Renowned for his paintings, drawings, and prints, as well as his innovative architectural constructions, Arakawa was one of the earliest practitioners of the international conceptual art movement of the 1960s. After moving to New York from Japan in 1961, he produced diagrammatic paintings, drawings, and other conceptual works that employed systems of words and signs to both highlight and investigate the mechanics of human perception and knowledge. In 1962 Arakawa met the American poet Madeline Gins, with whom he developed a personal and creative partnership. Together they expanded Arakawa's painting practice into an important series entitled The Mechanism of Meaning, a suite of eighty canvases that explored the workings of human consciousness. The Mechanism of Meaning exists in two versions, exhibited in their entirety by the Sezon Museum of Modern Art, Karuizawa, Japan, in 1988 and the Guggenheim Museum, New York, in 1997. In the 1990s Arakawa and Gins developed the theory of 'procedural architecture' which proposes using the built form as a way to investigate and transform the relationship between body and environment. Through architecture specifically, they endeavored to 'learn how not to die.' Terming this concept 'reversible destiny,' they believed firmly in the capacity of their architectural works to positively influence the personal well-being and longevity of those who lived within them. Arakawa and Gins dedicated the remainder of their lives to seeing these ideas integrated into architectural theory and contemporary building design.Read More
Arakawa was born in 1936 in Nagoya, Japan, and died in 2010 in New York. He attended the Musashino Art University in Tokyo. His work has been exhibited extensively throughout North America, Western Europe, and Japan. Major retrospectives include Constructing the Perceiver—Arakawa: Experimental Works, National Museum of Modern Art, Tokyo (1991), and Reversible Destiny— Arakawa/Gins, Guggenheim Museum, New York (1997). His work is featured in institutional collections worldwide, including the Metropolitan Museum of Art, New York; Museum of Modern Art, New York; Centre Pompidou, Paris; Sezon Museum of Modern Art, Karuizawa, Japan; and National Museum of Modern Art, Tokyo, as well as in numerous private and corporate collections. Arakawa represented Japan in the 35th Biennale di Venezia, Venice in 1970 and was included in Documenta IV (1968) and Documenta VI (1977).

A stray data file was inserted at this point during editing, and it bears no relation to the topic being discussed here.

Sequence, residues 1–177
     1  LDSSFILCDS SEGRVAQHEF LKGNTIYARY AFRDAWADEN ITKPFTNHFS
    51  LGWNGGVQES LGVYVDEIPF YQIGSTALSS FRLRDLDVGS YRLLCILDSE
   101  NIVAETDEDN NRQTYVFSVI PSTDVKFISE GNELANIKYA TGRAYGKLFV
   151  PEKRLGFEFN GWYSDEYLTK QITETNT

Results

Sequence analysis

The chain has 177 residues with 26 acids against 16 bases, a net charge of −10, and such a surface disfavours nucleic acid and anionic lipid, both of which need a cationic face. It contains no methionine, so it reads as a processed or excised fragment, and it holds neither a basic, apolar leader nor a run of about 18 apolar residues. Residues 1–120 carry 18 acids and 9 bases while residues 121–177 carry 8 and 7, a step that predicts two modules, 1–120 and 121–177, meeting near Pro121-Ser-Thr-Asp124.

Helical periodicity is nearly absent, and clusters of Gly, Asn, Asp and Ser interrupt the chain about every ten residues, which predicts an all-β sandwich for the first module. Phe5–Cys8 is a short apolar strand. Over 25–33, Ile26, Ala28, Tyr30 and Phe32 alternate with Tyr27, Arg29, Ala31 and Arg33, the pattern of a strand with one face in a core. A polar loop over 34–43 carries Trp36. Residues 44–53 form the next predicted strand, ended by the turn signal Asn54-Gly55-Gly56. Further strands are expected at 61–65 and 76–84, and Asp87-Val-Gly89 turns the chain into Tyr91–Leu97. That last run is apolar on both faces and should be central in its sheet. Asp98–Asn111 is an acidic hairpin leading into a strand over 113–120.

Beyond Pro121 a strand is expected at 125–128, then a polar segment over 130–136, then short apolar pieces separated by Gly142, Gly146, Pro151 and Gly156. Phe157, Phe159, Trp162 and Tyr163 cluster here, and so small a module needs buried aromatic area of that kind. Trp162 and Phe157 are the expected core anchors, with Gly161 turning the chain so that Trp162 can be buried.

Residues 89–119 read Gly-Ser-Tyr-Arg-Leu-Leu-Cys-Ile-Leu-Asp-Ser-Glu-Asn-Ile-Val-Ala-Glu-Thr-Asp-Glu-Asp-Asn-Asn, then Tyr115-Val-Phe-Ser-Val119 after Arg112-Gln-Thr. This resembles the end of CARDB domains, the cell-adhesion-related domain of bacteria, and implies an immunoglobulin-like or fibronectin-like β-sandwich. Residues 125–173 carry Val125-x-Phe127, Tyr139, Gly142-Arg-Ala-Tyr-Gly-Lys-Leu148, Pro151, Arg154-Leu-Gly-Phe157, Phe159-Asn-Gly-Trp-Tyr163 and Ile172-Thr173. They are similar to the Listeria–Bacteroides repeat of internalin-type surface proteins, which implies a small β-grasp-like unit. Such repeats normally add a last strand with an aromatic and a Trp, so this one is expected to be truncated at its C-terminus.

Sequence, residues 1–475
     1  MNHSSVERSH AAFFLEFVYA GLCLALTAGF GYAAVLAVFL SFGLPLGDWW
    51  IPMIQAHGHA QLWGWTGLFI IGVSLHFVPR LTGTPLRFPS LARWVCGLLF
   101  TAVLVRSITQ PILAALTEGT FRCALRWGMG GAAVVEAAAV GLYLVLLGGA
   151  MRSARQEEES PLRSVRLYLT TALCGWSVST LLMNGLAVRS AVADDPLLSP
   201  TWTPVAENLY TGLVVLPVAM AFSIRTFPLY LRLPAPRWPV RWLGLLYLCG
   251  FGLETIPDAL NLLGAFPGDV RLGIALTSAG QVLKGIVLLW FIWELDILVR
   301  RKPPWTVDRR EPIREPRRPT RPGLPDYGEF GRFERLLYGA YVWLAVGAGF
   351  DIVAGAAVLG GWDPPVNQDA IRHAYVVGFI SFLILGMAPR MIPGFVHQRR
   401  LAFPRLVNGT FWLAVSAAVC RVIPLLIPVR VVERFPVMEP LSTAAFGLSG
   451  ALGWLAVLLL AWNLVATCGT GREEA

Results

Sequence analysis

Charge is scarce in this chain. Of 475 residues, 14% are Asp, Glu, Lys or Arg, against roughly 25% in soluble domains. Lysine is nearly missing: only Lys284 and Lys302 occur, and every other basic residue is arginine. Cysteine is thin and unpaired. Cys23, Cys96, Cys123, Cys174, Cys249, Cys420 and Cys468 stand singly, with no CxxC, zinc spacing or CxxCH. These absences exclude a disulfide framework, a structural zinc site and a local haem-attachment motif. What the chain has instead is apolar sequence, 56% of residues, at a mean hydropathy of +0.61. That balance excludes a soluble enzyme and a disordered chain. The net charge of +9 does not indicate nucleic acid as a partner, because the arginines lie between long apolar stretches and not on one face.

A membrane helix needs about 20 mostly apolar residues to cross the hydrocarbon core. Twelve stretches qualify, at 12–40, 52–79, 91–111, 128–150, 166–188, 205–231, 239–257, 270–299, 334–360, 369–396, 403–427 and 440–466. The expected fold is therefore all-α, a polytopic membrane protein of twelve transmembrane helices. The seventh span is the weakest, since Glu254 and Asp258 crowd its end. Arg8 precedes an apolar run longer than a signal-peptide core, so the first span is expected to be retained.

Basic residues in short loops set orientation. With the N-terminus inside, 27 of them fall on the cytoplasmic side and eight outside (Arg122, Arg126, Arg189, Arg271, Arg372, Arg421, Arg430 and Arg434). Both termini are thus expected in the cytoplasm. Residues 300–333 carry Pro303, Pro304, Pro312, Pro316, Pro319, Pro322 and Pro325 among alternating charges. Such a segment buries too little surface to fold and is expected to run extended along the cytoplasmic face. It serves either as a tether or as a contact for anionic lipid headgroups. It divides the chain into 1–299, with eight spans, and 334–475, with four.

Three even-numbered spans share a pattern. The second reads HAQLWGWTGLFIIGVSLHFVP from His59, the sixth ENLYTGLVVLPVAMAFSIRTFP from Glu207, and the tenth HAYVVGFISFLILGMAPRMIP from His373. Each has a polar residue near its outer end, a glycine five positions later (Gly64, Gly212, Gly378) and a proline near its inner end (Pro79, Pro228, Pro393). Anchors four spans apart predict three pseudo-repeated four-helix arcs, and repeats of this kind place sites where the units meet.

Text courtesy Gagosian.
The cover of the Artnews of May 1980 shows a smiling face, with superintelligent eyes, under a somewhat unruly crop of dark hair. In a black sweater covering a blue workman's shirt, collar just showing, the artist Arakawa, known only by his last name, points a pencil toward the viewer, his other hand pressing down on a messy stack of papers....
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